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David Mckendrick on his favourite covers as he bows out from Esquire

Posted by Rob Alderson,

After seven years as Creative Director of British Esquire, David Mckendrick is off to set up a new venture with Wallpaper* art director Lee Belcher. As his final issue hits the newsstands, David reflected on his time at one of the UK’s leading magazines and picked out a selection of his favourite covers…

“Summing up my time at Esquire is easy. It’s the best job in the world. Also, let’s be honest, it’s not a real job. I work with some of the most talented, designers, writers, stylists, photographers and illustrators in the business.

“My most challenging moments have been art-directing cover shoots. There is no training at art school that prepares you for a cover shoot with a celebrity. It is more like a hostage situation than a photo shoot; not only trying to control an A-list celebrity but the hordes of people that suddenly turn up and have an opinion (LA celebrity hair stylists are the worst, by the way).”

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    David Mckendrick and Robert Pattinson. Casual.

“I found that my only way to survive was to look like I knew what I was talking about. And at first, I’ll be honest, I really didn’t have a clue. I think I got there in the end (after a few years), and went out with a bang with the Robert Pattinson issue (September 2014). That was a personal triumph. Bringing together the right team, location, styling, etc. is a bit of an invisible art, but it’s the most satisfying feeling when you see the results. Although, when I hinted that he was on the telly, he did take offence. Apparently he’s in the movies. Oops. I should really do my research on popular culture!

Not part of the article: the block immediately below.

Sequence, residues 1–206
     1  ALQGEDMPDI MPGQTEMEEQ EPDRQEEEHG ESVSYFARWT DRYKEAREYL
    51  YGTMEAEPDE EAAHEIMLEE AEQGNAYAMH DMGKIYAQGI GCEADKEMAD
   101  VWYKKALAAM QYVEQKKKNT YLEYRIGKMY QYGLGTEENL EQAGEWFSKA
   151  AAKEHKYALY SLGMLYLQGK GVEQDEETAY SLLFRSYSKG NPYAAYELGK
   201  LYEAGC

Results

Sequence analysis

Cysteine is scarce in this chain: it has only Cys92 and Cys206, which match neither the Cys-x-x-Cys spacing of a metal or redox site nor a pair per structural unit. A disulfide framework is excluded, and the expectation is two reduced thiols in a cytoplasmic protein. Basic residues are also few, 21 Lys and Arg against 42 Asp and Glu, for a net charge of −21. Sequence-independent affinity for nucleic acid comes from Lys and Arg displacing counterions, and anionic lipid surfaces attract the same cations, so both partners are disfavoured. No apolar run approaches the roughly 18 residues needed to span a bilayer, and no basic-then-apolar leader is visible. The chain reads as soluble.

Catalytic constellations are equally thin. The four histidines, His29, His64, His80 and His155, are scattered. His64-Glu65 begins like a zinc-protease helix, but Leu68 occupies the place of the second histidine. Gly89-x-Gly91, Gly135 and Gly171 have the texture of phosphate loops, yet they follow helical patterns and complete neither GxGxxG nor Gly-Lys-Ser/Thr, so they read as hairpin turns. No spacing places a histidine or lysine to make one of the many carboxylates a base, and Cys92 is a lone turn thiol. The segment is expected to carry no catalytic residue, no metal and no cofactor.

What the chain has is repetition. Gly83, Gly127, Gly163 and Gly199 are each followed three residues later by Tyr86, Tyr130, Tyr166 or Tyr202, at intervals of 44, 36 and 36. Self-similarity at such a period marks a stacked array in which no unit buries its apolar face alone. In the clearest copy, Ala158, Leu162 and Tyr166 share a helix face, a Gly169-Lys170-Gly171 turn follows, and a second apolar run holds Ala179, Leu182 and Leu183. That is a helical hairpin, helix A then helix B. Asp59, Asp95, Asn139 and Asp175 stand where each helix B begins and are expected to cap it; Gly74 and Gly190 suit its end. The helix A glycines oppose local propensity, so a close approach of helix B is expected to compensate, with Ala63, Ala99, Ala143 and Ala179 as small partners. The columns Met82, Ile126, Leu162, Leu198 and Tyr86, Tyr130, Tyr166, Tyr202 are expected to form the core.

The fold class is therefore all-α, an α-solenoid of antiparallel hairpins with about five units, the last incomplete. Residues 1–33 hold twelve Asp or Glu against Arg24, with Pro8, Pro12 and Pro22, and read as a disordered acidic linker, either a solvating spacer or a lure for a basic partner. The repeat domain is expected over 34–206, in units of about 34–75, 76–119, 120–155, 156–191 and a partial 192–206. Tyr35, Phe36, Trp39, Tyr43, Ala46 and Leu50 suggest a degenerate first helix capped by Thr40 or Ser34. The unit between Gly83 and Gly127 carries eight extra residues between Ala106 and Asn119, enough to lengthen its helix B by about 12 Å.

“Oh and the only rule is that if you ever meet someone famous, get a thumbs-up pic for your mum. It makes her proud.”

May 2008 — Keith Richards

  • Esq_keithrichards

It wasn’t easy explaining to Keith Richards that I wanted him to stub out his ciggy to make the graphic dot on the Esquire logo. But we got there in the end. When he eventually turned up five hours late – hammered – I thought I had nothing to lose. I would have been disappointed with any other behaviour.

March 2009 — Morph

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A personal triumph getting my childhood icon, Morph, who has been naked all his life, in head-to-toe Burberry Prorsum for the cover. He was so cool he knocked Sean Penn off the subscribers’ cover. Now that was a result.

January 2011 — Jeff Bridges

  • Esq_jeffbridges

It’s one thing getting a cover star to stand still and get his picture taken, but it’s another getting him to hand draw the cover lines and render the logo. Now that is what I call DUDE.

November 2012 — Cameron Diaz

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I probably don’t need to explain why this is a one of my faves. But as a scruffy Clydebank boy who watched Something About Mary eight times, getting to spend a day with Cameron Diaz as she slipped in and out of outfits and tried repeatedly (and failed) to do my accent, was a dream come true. She is exactly everything you imagine, and more.

May 2014 — Arctic Monkeys

  • Esq_alexturner

One of my favourite bands, they were normal lads who were like a small gang. When they turned up half an hour late with massive hangovers, they just got on with it, took every bit of direction and did everything I asked. And we finished early. Now that is professional (and a wee bit rock and roll).

September 2014 — Robert Pattinson

  • Esq_robertpattinson

Now, seven years later, I’m finally getting the swing of cover shoots and I feel really proud of my last one – the talent, the location, the photographer, the clothes, the sunshine. It was just a perfect way to sign-off and a day I’ll never to forget. It did make me think “Why the fuck am I leaving?”

The Big Black Book – April 2013

  • Esq_thebigblackbook

Not to forget The Big Black Book, launched last year. A type-only cover in this day and age? No idea how the hell I got away with that.


Posted by Rob Alderson

Editor-in-Chief Rob oversees editorial across all three It’s Nice That platforms; online, print and events. He has a background in newspaper journalism and a particular interest in art, advertising and photography. He is the main host of the Studio Audience podcast.

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